Whaling Wife

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“She was a small woman, weighing less than a hundred pounds, and she could stand erect under her husband’s outstretched arm without touching it.” So the editor of this previously unpublished journal describes its author, his grandmother, Eliza Azelia Williams. Its lively pages contain her account of a thirty-eight-month voyage, from 1858 to 1861, on the whaler Florida with her husband, Captain Thomas William Williams. Eliza, was a reticent New Englander who did not feel that her personal problems were suitable subjects for her pen. (She does not, for instance, evsr mention in her diary that she was five months pregnant when the Florida sailed from New Bedford, Massachusetts. And only rarely does she refer to how much she missed the two small sons she had left at home with her parents in Wethersfield, Connecticut.) She was also a woman of sturdy courage, an endlessly curious—and tactful—American traveller to remote lands, and a reporter of broad sympathies and rare perceptiveness.

After she returned home, the journal which had helped her while away the long months afloat lay untouched in an old sea chest for a hundred years, until Harold Williams, the son of the boy born on the Florida, began to dig out old family records to write a history of his ancestors. Entitled One Whaling Family , the book will be published next month by Houghton Mifflin Company. The excerpts below, in which Eliza’s highly individual spelling has been retained except where it could not be deciphered, describe a dramatic part of American history and introduce, we believe, a remarkable American. —The Editors

In company with my Husband, I stept on board the Pilot Boat, about 9 o’clock the morning of the 7th of Sept. 1858, to proceed to the Ship Florida, that will take us out to Sea far from Friends and home, for a long time to come. I do not realize much yet that I am going away for any length of time; for this seems more like a pleasure trip just now. I fear it won’t seem so long.… The Ship looks very fine laying off in the distance; but we do not make much headway towards her. The wind is very light; my Husband is rather impatient to get to the Ship, but he has just hailed another Boat that is near, to take us on board; now they are rowing us along quite smart; the Ship looks large as we near it; we have reached her and the men have lifted me up the high side in an arm chair, quite a novel way it seemed to me. Now I am in the place that is to be my home, posibly for 3 or 4 years; but I can not make it appear to me so yet: it all seems so strange, so many Men and not one Woman beside myself; the little Cabin that is to be all my own is quite pretty; as well as I can wish, or expect on board of a Ship. I have a rose geranium to pet, that [a friend] has been kind enough to send me, and I see there is a kitten on board. I think it will not all be as pleasant as it is today; the motion of the Ship I shall be a long time getting used to. The Steward has called us to dinner. With the exception of the hard bread, it would seem a good deal like a dinner at home; but the water is very poor. I think I shall be a long time getting used to that.… There is no wind and the Tug Steamer is towing us along. Mr. Fish [one of the Florida ’s owners] has just given me the glass to look at the points of interest; there are not many now. The one of the greatest interest I think we have left behind; that of New Bedford. It looks beautiful from the water.… The Pilot has got most as far as he will go with us; kind Friends will soon leave us, and I presume they had rather go than stay here. I can not blame them, but I shall be lonely, though not alone, for I have a kind Husband with me. The Men are all quite busy on board the Ship, I hardly know at what. Now the Steamer is prepareing to leave us; all is hurry and bustle; one Man (a boat-steerer) is sick of his bargain, I expect, for he is prepareing to leave, hurrying his baggage on board the Steamer; and now the last adieus have been said; the parting kiss given, the parting tear dropped; and the Steamer is bearing kind Friends away, to be seen not again in a long time, perhaps never, by us; but we will not take a gloomy retrospect of the future, but trust in an all wise and good God, and hope for the best.… My Husband is about calling the Men together, and laying down the rules and regulations of the Ship, that they may know what is expected of them in future. I have seen the last faint outlines of the Steamer in the distance, watched the last curl of the smoke; and now I think I will go below.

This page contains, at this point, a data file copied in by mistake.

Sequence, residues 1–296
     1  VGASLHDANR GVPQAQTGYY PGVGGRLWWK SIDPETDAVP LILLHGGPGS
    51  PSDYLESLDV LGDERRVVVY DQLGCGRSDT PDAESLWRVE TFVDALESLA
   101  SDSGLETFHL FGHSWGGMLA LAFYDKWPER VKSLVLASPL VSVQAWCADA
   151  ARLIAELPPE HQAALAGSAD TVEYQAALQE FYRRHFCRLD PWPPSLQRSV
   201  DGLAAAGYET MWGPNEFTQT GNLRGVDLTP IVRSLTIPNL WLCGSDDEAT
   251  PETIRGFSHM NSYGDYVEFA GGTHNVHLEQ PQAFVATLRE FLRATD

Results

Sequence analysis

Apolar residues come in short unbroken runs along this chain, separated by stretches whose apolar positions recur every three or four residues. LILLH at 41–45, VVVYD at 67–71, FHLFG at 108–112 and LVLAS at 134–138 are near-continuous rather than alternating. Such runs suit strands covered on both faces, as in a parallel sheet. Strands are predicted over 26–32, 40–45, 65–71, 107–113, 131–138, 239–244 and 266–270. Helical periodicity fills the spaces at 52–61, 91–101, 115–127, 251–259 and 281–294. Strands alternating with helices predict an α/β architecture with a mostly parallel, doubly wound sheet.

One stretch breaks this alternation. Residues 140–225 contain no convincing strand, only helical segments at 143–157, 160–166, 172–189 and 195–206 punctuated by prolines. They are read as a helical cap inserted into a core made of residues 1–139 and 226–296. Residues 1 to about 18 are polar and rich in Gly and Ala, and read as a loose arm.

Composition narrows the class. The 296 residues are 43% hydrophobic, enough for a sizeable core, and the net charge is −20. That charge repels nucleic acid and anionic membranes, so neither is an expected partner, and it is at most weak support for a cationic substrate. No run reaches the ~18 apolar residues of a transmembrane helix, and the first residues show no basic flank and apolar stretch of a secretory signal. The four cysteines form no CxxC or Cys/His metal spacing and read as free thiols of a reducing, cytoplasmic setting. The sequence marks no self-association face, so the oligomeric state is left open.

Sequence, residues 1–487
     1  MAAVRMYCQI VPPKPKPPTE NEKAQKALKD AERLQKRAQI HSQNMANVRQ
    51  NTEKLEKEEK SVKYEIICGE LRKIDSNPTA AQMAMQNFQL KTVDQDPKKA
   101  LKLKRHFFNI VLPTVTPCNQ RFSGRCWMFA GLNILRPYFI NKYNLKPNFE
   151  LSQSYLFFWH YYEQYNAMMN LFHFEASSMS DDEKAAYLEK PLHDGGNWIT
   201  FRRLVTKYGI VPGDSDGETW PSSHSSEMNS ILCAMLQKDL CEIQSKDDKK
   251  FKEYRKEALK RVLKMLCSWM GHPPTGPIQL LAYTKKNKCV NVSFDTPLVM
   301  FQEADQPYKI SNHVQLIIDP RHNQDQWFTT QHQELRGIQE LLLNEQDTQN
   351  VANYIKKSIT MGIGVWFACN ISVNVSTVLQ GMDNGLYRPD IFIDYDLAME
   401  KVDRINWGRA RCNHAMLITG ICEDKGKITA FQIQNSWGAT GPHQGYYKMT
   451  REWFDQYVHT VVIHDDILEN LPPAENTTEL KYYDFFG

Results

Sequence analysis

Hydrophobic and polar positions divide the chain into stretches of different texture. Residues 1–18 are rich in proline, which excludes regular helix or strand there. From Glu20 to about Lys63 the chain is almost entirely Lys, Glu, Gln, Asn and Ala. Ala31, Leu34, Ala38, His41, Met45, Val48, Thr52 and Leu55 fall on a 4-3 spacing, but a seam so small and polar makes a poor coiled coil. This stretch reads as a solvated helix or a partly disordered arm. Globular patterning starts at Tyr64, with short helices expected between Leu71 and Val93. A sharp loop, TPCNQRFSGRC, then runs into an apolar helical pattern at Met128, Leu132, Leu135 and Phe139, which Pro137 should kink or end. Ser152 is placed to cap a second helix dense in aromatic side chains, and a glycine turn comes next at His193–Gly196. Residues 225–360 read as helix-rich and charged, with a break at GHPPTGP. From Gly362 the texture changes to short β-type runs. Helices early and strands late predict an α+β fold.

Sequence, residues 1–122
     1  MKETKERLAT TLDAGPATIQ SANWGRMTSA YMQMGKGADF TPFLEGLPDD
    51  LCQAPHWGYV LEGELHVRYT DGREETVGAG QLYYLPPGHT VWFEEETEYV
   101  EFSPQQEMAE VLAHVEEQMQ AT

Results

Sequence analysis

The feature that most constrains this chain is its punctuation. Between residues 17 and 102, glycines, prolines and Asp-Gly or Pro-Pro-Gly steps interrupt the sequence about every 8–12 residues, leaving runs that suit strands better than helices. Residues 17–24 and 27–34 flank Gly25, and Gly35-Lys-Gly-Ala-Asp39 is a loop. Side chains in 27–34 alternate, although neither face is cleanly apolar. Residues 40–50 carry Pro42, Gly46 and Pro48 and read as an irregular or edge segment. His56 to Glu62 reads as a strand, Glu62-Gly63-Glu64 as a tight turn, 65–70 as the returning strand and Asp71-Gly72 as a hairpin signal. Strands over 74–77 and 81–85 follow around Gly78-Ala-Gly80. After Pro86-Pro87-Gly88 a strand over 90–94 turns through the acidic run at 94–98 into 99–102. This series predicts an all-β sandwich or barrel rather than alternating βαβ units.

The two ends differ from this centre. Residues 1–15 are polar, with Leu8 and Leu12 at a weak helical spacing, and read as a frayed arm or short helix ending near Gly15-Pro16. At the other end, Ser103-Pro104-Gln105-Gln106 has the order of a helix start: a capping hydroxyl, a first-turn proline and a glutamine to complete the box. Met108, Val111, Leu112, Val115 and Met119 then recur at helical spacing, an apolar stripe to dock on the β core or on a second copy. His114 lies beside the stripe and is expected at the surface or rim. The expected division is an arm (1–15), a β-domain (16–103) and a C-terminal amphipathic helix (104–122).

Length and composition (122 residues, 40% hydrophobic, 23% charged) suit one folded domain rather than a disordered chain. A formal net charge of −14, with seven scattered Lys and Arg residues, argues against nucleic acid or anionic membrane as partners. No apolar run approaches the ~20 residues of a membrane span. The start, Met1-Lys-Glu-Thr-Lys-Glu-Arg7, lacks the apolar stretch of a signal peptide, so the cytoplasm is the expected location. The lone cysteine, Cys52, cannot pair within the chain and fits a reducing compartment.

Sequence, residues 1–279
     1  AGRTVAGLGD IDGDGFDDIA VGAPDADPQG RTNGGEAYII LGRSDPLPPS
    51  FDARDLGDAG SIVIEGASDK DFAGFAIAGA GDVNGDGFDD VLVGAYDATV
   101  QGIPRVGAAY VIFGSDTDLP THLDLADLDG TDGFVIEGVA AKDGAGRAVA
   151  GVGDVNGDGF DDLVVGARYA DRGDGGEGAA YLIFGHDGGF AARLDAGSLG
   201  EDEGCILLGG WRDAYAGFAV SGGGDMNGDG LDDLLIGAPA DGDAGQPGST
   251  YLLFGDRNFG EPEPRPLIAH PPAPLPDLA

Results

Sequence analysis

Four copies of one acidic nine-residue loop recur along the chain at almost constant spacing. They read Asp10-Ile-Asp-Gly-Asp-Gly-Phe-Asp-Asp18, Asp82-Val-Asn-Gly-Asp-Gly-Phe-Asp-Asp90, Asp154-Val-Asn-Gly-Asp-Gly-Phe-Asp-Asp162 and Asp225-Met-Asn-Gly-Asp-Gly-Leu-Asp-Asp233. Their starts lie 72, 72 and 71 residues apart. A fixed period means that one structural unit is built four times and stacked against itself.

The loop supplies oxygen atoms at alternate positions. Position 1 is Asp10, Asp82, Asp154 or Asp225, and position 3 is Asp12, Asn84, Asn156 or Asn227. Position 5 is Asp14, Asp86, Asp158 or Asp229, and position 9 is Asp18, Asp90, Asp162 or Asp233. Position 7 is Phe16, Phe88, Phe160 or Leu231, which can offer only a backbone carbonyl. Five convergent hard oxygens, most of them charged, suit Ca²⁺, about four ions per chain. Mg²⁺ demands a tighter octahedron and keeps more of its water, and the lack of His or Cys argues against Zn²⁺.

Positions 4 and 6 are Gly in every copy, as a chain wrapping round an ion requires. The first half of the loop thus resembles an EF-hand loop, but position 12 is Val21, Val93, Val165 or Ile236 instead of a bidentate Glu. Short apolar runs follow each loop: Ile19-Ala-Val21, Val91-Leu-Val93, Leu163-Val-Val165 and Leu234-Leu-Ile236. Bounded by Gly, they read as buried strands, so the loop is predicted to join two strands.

September 8th. There is nothing of importance to write about today; nothing but the vast deep about us; as far as the eye can stretch there is nothing to be seen but sky and water, and the Ship we are in. It is all a strange sight to me. The Men are all busy; as for me, I think I am getting Sea sick. My Husband has just called me on deck to see the Sun set. It is a splendid sight to see the Sun set as it were in the water.